No person shall loiter or remain in a public place for the purpose of:
Obstructing vehicular or pedestrian traffic, in a manner that would constitute a violation of § 240.20 of the New York State Penal Law; or
Engaging in fighting or in violent, tumultuous or threatening behavior in a manner that would constitute a violation of § 240.20 of the New York State Penal Law; or
Engaging in a course of conduct designed to harass, seriously annoy or alarm another person and which serves no other legitimate purpose, and in a manner that would constitute a violation of § 240.26 of the New York State Penal Law.
No person shall loiter or remain in or about the premises of any commercial business entity for a purpose unconnected with lawful business or related activities, not having any specific legitimate reason for being there and not having permission from anyone authorized to grant the same. A legitimate reason shall be a reason connected to the purpose for which the commercial business entity exists.
Loitering for the purpose of using or possessing marijuana or a controlled substance prohibited. A person is guilty of loitering when he or she loiters or remains in a public place for the purpose of possessing or using marijuana or a controlled substance.
Guidelines for law enforcement. In order to make an arrest of a person under the section pertaining to possessing marijuana or a controlled substance, a police officer or other person must have observed conduct of the subject individually or in conjunction with another which would reasonably lead a police officer to the conclusion that the subject is present for the purpose of using or possessing marijuana or a controlled substance.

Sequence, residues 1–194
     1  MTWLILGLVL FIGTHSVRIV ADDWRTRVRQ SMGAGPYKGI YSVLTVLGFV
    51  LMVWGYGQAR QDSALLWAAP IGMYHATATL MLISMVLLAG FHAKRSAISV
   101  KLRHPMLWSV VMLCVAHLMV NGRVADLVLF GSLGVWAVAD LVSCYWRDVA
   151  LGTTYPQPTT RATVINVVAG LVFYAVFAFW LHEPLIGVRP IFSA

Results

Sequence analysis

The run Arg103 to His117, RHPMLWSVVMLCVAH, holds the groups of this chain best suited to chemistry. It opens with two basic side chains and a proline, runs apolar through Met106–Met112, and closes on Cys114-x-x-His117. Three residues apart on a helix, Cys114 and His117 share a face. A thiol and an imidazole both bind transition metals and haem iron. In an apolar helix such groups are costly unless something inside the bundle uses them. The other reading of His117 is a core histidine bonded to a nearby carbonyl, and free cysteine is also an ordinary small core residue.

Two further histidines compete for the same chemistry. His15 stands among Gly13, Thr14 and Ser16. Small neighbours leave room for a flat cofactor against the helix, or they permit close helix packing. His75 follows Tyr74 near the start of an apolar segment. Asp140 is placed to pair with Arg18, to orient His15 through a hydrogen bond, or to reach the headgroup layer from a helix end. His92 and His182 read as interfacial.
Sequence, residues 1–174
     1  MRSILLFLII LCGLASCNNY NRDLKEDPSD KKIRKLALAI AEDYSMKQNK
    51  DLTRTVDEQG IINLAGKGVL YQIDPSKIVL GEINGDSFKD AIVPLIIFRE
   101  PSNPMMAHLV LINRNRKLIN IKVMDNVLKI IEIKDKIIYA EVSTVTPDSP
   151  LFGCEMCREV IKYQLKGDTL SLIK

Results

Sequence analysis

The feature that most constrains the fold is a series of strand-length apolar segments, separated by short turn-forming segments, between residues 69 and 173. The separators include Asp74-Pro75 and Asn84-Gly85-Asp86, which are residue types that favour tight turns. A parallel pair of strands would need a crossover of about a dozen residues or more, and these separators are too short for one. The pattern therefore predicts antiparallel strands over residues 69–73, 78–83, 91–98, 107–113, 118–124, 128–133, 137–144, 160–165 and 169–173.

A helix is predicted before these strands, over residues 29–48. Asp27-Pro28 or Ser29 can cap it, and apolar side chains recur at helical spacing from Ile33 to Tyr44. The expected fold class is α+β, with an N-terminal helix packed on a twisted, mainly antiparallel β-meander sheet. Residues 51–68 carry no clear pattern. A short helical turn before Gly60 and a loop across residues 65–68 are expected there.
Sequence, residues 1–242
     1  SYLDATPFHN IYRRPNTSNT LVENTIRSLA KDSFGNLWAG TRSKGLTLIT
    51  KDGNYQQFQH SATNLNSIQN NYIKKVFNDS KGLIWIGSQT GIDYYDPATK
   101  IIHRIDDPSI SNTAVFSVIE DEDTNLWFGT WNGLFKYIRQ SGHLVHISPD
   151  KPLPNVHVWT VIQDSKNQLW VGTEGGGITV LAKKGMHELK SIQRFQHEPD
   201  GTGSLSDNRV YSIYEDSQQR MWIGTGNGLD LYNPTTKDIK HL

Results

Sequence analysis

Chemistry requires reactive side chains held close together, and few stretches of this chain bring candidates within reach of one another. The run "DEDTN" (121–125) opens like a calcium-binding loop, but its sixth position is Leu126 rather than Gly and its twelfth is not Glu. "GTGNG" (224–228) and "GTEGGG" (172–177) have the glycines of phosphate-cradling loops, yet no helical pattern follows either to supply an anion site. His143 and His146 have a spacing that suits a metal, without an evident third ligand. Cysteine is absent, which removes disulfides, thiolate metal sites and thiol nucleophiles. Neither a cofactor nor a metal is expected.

Among the circumstances that may be considered by law enforcement officers in determining whether a violation of this chapter has occurred are the following:
The person engages in furtive gestures or movements manifesting or endeavoring an attempt to conceal himself or herself or an object; or
The person takes immediate flight upon appearance or identification of a law enforcement officer; or
The person is observed repeatedly following another person or persons in or about a public place or places.
No provision of this chapter shall be construed or interpreted so as to prohibit expression protected by the laws of the United States or New York State, or to prohibit acts authorized by a permit issued pursuant to Chapter 163 of this Code entitled, "Peddling and Soliciting."
If any party violates the provisions of this chapter or engages in conduct in violation of this chapter, he or she shall be subject to punishment as follows:
For a first offense, a fine in an amount not less than $50 nor more than $250.
For a second or more offenses, a fine in an amount not less than $100 nor more than $500. Each incidence of any violation of this chapter shall constitute a separate offense.
The provisions of this chapter can be enforced by the City of Beacon Police Department and any other police officer or peace officer or other person who can lawfully make an arrest.